As optimists, the authors perceive the AU to be inching forward. For instance, in the July edition of Africa This Month, the authors examined the significance of the introduction of African passports by the AU. Such a move chips away at arbitrary colonial borders that have long shackled Africa’s potential. It paves the way toward increasing intra-African trade, an essential ingredient in boosting economic growth in the continent and mitigating poverty. The strengthening of the AU facilitates such developments even if the progress may seem to be too slow for its critics.
These critics have a point when they argue that the AU “is slow to respond to security threats, that it prioritises power over justice and that it fails to adequately represent the needs of this continent’s 1.11 billion citizens.” The AU bureaucracy also comes in for a lot of flak. Yet as the Institute for Security Studies points out, the AU “puts a lot of effort, much of it effective, into smaller initiatives that yield incremental results.” Critics could do well to remember that the AU is certainly no EU, but it is no South Asian Association for Regional Cooperation either. So far, it has had significant leaders, but perhaps it now needs a Delors in the saddle. The chance of this occurring increases incrementally with five candidates to choose from.
DEADLY PROTESTS AGAINST THE UN
It is not an everyday occurrence that the United Nations (UN) is accused of excesses and its troops fire to cause civilian deaths. Protests against the UN’s peacekeeping mission in the Central African Republic (CAR), or MINUSCA as it is known by its French acronym, broke out on October 20 and turned violent. Protesters wanted MINUSCA to leave for failing to protect the local population. When demonstrators tried to break into MINUSCA headquarters, its troops fired on them, leaving four people dead.
As expected, there are conflicting accounts of this tragic incident. Protest organizers claim peacekeepers started shooting protesters. MINUSCA denies the charge and argues that the soldiers merely fired teargas. On top of the four killed, 14 people were injured in the clashes, including five peacekeepers.
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Protesters claim that MINUSCA has abdicated its duties and failed to protect civilians from armed rebels. Furthermore, they complain that MINUSCA peacekeepers have committed crimes against the local population. Allegations of sexual abuse have emerged repeatedly. In spring 2014, reports of largely French peacekeepers sexually abusing a number of young children in exchange for food or money surfaced, leaving the UN red faced.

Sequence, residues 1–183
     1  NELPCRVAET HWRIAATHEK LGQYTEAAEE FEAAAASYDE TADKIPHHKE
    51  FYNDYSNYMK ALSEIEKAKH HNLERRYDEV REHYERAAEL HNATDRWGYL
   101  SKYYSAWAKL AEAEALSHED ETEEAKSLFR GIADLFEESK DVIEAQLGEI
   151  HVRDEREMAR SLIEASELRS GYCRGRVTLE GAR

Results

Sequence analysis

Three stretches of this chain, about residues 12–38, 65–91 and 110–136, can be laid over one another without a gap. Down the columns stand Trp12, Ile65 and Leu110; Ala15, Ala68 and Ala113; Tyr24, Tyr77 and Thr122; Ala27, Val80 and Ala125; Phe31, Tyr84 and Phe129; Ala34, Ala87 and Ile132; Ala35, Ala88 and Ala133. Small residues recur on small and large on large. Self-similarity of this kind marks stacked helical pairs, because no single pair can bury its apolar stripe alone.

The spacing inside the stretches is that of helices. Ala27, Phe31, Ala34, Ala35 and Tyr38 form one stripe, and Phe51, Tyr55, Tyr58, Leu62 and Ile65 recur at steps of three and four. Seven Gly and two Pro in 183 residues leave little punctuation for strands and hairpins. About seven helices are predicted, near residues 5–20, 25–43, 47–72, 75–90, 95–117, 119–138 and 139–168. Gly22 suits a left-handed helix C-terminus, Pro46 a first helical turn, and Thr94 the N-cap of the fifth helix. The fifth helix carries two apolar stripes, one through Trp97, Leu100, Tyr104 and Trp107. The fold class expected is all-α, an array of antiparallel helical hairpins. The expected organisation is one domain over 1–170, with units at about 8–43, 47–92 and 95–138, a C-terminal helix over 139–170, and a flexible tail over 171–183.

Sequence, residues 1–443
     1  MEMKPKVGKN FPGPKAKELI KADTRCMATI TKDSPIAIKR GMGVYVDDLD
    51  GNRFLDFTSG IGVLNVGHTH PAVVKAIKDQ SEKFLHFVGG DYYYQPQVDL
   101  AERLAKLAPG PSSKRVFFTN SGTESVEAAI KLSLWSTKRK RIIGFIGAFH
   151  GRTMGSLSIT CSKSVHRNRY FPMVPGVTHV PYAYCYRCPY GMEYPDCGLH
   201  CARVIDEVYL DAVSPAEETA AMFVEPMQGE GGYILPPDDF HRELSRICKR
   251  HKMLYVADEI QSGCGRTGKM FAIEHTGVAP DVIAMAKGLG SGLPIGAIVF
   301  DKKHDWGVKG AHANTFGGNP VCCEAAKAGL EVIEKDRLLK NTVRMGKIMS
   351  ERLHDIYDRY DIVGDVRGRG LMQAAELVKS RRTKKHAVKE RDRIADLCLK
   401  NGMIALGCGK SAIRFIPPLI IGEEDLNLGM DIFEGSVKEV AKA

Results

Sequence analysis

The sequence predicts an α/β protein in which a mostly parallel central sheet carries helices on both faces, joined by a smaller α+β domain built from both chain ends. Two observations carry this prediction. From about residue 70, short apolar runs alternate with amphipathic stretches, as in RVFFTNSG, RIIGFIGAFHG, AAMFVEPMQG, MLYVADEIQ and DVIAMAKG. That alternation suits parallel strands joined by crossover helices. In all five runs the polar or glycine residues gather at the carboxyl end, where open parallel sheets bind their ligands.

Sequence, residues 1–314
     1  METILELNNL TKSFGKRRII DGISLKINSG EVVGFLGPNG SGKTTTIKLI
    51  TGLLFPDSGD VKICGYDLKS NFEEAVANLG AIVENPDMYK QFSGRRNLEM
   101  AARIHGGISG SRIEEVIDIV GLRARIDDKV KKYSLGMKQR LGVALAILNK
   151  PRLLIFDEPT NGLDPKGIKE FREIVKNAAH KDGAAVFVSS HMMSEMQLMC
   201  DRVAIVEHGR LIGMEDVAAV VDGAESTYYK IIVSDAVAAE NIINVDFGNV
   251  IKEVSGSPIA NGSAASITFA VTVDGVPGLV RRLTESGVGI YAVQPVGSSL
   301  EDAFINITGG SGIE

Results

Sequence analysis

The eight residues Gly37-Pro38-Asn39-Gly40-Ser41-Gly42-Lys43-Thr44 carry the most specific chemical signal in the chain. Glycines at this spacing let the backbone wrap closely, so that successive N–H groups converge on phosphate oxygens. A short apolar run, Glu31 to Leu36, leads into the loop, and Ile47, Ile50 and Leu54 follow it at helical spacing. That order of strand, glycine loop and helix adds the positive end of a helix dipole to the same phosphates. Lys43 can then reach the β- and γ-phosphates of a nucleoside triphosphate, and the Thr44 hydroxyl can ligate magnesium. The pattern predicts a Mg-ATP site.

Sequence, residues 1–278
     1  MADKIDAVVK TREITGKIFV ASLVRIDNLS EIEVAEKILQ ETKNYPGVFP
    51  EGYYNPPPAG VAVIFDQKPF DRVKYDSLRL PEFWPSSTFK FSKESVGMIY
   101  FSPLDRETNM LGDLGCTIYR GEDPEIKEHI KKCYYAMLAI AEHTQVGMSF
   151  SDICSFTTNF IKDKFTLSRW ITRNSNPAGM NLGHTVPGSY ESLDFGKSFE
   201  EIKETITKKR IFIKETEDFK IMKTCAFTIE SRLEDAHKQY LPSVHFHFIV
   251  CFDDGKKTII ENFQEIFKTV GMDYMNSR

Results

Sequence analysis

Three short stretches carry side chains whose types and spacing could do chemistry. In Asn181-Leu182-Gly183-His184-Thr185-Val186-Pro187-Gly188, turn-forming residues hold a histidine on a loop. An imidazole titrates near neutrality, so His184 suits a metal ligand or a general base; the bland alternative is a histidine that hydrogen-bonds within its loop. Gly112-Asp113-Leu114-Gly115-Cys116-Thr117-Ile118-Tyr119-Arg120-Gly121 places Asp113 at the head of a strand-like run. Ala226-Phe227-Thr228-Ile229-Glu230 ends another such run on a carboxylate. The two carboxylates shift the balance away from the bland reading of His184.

Peacekeepers are in CAR because of the oft repeated African story of a bloody civil war. In March 2013, Muslim Séléka rebels booted out then-President François Bozizé and launched a campaign of terror where no one—the old, women or children—was off limits. Their favorite weapon for slaughter was balaka, a local machete they used with much relish to hack human flesh.
Unsurprisingly, a counterforce appeared in the form of anti-balaka vigilante groups. These mainly Christian groups were purportedly Bozizé’s creation with the majority of fighters being youths without any schooling, with some as young as 10. The anti-balaka competed with the Séléka in brutality. The result is bitter and bloody where ethnic and religious divides are sowing deep hatred and creating a vicious cycle of vendetta.
In 2014, after Bozizé was deposed, the UN slapped sanctions on him and two rebel leaders for “undermining peace and fuelling violence in the conflict-torn country.” Thousands have been killed and more than 1 million out of a population of 4.5 million have been displaced. Syria may be grabbing headlines, but what is going on in CAR is no less tragic. The numbers reported by Genocide Watch with 1.5 million people facing hunger and 2.3 million children affected make grim reading. By some accounts, civil war in CAR has spiraled into genocide. Hence, the UN sent MINUSCA to restore a semblance of order and curb the worst of the violence.
Paragraph 30 of UN Security Council Resolution 2149 of April 10, 2014, created MINUSCA and expressly spelled out its mandate to protect civilians. In particular, MINUSCA is supposed to protect civilians from threat of physical violence with a special focus on women and children. Given MINUSCA’s mandate, the allegations of child abuse and the firing on protesters are especially damaging to its reputation. It gives the impression of the fence eating the crop and raises important issues.